But in 2016, Srinivasan finished a close third with 33,113 votes or 21.57 per cent of the vote share.
It is a similar story in Coimbatore North, where the BJP isn’t contesting this time around. The constituency, also created after the 2008 delimitation, has only seen AIADMK MLAs. But the BJP vote-share had increased here too, from nearly 5,000 votes in 2011 to 16,693 votes in 2016.
The BJP’s performance in Coimbatore is in stark contrast to its vote-share in the rest of the state.
The BJP’s best performance in Tamil Nadu came in the 2001 assembly elections, when the party won four seats and garnered 3.19 per cent of the vote-share, its highest ever. This declined to 2.02 per cent in 2006, but rose to 2.22 per cent in 2011 and 2.84 per cent in 2016.
The Srinivasan factor
The BJP is counting on Srinivasan to be among the candidates — along with state unit president L. Murugan, who is contesting at Dharapuram and K. Annamalai, who has been fielded from Aravakurichi — to help it win seats in the state after 20 years.
“She will definitely win,” said Tamil Nadu BJP leader Nambi Narayanan. “Coimbatore has always been BJP’s island of hope. Even in 1998 and 1999, we had C.P. Ramachandran as a Member of Parliament from Coimbatore.”
Sitting AIADMK MLA Arjunan said that the appeal of Prime Minister Narendra Modi, especially among the Brahmin community in the city, would add to the votes. “We expect to win at least 75 per cent vote share for the alliance,” he said.
There is some support on the ground. Venkatesh, 47, who was present at Srinivsasan’s campaign, told ThePrint that he supported the BJP because of Modi. “The BJP is the only party that does not support one religion only. Other parties like the DMK only support Muslims and Christians,” he said.
“I like the BJP a lot, they have done a lot of work. I will support them only. Only they take care of us, no one else does,” said Mukesh Jha, originally from Jalore in Rajasthan who has been running a mobile accessory store in Coimbatore for the past 15 years.
“Modiji has done so much for the country, even China is scared of us. Modi is the best.”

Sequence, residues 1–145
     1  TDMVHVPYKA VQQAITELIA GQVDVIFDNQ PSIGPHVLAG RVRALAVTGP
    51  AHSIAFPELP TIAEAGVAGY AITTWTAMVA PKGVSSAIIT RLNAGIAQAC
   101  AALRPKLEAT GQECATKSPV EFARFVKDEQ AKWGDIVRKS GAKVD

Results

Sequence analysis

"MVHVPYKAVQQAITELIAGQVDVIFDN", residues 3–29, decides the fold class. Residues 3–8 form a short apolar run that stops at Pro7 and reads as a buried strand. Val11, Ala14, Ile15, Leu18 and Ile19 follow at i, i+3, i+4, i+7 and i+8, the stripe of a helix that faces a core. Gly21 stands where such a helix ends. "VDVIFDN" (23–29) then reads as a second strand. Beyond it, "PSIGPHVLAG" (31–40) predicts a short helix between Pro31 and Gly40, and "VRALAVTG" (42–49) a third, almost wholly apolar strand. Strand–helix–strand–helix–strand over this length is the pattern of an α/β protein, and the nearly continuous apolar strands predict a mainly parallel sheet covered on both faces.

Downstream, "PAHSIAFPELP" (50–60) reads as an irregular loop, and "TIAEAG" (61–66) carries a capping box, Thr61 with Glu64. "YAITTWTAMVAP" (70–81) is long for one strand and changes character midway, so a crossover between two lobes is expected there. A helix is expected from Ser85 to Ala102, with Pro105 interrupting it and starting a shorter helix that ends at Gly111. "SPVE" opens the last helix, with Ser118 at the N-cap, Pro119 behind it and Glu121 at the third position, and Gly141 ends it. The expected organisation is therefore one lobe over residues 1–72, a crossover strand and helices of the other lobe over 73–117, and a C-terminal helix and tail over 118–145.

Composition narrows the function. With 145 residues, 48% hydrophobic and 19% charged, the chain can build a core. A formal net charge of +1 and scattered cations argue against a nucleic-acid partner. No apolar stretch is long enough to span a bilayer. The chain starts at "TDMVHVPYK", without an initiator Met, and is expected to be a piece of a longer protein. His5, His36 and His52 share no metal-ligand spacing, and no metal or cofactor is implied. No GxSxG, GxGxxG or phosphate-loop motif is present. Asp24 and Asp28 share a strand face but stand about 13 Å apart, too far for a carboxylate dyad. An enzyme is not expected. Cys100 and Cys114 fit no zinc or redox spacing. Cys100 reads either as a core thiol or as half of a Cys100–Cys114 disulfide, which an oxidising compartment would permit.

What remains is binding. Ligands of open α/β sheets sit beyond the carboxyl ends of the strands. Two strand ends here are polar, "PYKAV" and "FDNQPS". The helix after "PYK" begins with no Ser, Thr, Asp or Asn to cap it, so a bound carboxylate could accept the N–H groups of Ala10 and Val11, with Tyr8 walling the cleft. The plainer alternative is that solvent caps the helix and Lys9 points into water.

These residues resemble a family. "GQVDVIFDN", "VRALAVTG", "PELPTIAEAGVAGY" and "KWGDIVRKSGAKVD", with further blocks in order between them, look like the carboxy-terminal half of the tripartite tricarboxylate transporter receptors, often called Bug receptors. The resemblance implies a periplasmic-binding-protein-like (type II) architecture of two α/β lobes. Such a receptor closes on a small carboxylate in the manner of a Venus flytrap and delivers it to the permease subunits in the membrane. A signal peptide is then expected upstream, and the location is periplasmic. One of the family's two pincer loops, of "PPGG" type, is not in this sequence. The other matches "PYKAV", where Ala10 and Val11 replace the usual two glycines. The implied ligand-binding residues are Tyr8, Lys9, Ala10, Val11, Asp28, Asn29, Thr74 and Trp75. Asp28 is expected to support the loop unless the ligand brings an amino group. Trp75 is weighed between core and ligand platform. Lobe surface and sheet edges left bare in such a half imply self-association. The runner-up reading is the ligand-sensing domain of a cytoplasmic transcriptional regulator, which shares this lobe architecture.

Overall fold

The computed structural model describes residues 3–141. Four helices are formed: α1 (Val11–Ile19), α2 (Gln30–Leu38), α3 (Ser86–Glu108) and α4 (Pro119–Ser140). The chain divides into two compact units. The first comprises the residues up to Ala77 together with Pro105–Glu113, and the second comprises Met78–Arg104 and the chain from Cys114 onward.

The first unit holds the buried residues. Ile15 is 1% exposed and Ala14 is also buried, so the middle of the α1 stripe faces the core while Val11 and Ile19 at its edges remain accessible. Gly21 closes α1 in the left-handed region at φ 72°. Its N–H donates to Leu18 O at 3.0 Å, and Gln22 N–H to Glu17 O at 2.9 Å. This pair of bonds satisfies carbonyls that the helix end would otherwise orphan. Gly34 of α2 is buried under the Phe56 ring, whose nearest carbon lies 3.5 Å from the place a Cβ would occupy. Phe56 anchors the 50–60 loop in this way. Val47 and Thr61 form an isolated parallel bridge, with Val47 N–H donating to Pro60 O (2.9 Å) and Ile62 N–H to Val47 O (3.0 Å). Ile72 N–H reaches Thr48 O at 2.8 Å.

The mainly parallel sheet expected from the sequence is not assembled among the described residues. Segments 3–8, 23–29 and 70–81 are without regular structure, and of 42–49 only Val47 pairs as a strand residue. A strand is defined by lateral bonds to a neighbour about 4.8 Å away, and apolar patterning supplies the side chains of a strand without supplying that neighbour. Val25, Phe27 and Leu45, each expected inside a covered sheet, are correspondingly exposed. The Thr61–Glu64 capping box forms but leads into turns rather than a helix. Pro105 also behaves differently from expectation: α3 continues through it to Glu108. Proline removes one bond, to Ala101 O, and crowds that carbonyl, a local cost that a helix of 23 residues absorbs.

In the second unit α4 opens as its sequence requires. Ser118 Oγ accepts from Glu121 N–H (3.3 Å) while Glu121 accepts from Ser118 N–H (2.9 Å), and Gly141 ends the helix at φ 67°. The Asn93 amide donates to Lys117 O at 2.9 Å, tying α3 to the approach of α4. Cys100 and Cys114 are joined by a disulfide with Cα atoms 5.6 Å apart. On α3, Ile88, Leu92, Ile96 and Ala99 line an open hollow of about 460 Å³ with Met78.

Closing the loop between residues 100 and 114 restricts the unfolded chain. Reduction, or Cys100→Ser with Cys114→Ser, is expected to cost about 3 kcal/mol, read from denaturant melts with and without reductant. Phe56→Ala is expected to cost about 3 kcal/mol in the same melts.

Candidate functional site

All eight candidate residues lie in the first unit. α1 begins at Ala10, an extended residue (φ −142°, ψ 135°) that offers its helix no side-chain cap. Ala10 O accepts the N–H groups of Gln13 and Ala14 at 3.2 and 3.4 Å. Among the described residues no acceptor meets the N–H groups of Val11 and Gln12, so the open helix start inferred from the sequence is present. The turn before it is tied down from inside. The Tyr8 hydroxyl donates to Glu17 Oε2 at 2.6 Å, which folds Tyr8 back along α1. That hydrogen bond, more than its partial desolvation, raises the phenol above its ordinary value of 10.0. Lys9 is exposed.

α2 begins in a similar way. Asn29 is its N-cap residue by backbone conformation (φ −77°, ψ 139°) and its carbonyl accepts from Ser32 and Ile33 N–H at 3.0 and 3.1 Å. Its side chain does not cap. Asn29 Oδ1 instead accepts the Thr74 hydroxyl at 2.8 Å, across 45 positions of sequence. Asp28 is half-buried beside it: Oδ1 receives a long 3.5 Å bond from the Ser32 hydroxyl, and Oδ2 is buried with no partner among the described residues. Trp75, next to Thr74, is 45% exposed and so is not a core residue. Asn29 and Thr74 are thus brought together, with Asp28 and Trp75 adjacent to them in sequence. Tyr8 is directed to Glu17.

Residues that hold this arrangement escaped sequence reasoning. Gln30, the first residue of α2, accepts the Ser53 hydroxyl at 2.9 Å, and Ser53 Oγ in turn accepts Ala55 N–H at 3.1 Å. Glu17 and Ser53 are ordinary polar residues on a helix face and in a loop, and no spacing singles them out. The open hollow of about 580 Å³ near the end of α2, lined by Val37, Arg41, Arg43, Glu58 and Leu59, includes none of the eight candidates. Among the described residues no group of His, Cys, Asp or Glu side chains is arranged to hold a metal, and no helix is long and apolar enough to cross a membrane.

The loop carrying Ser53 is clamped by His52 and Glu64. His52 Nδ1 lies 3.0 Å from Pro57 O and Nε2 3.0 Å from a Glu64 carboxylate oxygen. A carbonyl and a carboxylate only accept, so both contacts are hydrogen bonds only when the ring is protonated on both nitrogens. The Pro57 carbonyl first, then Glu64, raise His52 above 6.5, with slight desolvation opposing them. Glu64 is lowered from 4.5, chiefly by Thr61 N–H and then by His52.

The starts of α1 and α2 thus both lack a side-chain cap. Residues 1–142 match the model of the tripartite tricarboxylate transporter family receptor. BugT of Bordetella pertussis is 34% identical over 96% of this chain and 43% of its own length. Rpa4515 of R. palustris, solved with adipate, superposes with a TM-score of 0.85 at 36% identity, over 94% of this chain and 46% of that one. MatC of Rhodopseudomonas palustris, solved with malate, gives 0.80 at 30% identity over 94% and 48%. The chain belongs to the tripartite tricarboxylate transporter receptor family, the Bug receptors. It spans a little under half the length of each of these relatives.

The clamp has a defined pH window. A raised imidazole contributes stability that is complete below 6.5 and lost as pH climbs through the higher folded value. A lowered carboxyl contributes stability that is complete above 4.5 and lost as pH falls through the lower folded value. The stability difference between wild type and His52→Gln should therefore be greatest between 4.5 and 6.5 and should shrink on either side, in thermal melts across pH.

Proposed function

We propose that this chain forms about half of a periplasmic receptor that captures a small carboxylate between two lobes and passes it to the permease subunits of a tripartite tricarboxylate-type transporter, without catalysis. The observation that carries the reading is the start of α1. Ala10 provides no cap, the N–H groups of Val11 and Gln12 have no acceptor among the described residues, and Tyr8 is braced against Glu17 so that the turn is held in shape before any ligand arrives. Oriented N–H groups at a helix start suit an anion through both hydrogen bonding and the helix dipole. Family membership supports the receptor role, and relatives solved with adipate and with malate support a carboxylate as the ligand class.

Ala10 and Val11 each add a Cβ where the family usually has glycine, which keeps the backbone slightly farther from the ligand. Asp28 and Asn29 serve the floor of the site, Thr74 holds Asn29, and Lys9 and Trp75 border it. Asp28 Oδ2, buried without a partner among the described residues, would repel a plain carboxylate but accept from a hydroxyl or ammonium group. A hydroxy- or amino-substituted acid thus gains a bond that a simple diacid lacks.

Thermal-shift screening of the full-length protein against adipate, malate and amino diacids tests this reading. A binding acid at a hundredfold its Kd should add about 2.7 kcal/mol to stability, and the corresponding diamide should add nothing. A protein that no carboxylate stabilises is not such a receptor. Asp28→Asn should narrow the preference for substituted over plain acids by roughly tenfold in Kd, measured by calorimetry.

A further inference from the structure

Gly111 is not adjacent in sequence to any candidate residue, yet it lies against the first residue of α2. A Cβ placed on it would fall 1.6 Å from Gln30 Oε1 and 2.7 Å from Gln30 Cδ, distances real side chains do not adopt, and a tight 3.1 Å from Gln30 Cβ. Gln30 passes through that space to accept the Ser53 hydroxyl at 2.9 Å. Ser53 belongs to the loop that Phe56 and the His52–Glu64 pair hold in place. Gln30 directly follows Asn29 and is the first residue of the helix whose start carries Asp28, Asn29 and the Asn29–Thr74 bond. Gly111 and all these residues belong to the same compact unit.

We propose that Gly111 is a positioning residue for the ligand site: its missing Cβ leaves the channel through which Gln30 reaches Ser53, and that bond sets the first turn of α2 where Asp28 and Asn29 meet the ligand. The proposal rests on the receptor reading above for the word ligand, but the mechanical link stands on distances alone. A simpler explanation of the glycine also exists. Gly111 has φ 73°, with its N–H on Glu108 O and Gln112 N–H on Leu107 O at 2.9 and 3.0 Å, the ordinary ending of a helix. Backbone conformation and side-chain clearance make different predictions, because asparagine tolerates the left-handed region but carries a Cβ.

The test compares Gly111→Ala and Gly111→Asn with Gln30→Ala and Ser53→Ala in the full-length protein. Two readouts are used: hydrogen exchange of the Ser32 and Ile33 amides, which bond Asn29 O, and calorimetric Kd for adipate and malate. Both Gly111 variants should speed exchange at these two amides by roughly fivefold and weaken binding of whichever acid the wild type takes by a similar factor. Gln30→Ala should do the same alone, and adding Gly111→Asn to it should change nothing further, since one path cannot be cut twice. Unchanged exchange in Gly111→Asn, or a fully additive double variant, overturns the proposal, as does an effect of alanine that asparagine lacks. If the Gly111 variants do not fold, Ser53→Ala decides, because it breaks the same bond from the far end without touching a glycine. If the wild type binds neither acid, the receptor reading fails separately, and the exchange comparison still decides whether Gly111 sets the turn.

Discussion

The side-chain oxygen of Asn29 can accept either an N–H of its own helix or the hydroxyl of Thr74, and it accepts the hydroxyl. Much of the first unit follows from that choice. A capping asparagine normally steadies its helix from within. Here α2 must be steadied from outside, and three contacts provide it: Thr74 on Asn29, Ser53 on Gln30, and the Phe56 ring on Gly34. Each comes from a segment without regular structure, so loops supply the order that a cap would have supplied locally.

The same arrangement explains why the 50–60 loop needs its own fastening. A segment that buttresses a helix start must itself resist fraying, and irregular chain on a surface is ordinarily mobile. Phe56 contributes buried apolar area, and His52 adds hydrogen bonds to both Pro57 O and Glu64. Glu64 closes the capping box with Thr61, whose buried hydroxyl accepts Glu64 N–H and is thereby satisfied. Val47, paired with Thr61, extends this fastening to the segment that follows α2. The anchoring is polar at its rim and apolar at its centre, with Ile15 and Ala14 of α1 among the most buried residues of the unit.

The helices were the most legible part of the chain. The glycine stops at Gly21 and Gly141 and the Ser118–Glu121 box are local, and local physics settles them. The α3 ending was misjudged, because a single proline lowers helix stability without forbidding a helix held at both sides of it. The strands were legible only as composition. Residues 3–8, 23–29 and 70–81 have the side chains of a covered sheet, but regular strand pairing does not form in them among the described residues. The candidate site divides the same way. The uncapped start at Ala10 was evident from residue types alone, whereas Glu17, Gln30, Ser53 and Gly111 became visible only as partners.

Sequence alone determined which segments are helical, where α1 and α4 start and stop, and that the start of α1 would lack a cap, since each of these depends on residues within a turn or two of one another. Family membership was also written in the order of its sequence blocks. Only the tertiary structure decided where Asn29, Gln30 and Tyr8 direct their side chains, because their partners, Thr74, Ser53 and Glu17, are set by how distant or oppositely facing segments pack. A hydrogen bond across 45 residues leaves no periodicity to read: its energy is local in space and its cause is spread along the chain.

‘Land of Periyar, BJP not popular’
It may not, however, be entirely smooth sailing for the BJP. At places such as Kottaimedu, which has a sizeable Muslim population, residents told ThePrint that the BJP will flounder not just in Coimbatore but across Tamil Nadu.
“This is Tamil Nadu, the land of Periyar. They are under the wrong illusion if they think they are popular here,” said Nizar Ahmed who has been living in Kottaimedu for the past 50 years.
“When the BJP contested by itself, it did not get any votes. They think they will get votes because of their alliance with the AIADMK, but the fact is that all minority communities have united. Oppressed people will not vote for BJP.”
Shahnavas, 33, another Kottaimedu resident, said Srinivasan only had followers among “Hindi-speaking people and Marwaris”. “There is no campaign or video with our people,” he said.
Kottaimedu also sees rallies by the Tamil Muslim Munnetra Kazhagam, a social justice organisation campaigning for the Congress’ Mayura Jayakumar, who had finished second in the 2016 polls.
Mujeeb Rahman, the body’s district president, explained that their main aim was to beat the BJP. “Due to the legacy of the Dravidian movement, the party would never be strong in the state but they are trying to hide behind the AIADMK,” he said.
His views were echoed by the CPI(M)’s P.R. Natarajan, the sitting Lok Sabha MP from Coimbatore.
“They (BJP) don’t speak about the petrol price hike, GST, relief to MSMEs, but only talk about religion,” he said. “The RSS’ policy of one nation, one culture will never work in Tamil Nadu.”
Rangarajan said that there is an illusion that the BJP is popular here as central ministers have campaigned in Coimbatore South. “They only spoke only in front of Hindi-speaking people,” he said.
The constituency has seen some high-profile BJP campaigners including Uttar Pradesh Chief Minister Yogi Adityanath who was here Wednesday.
(Edited by Arun Prashanth)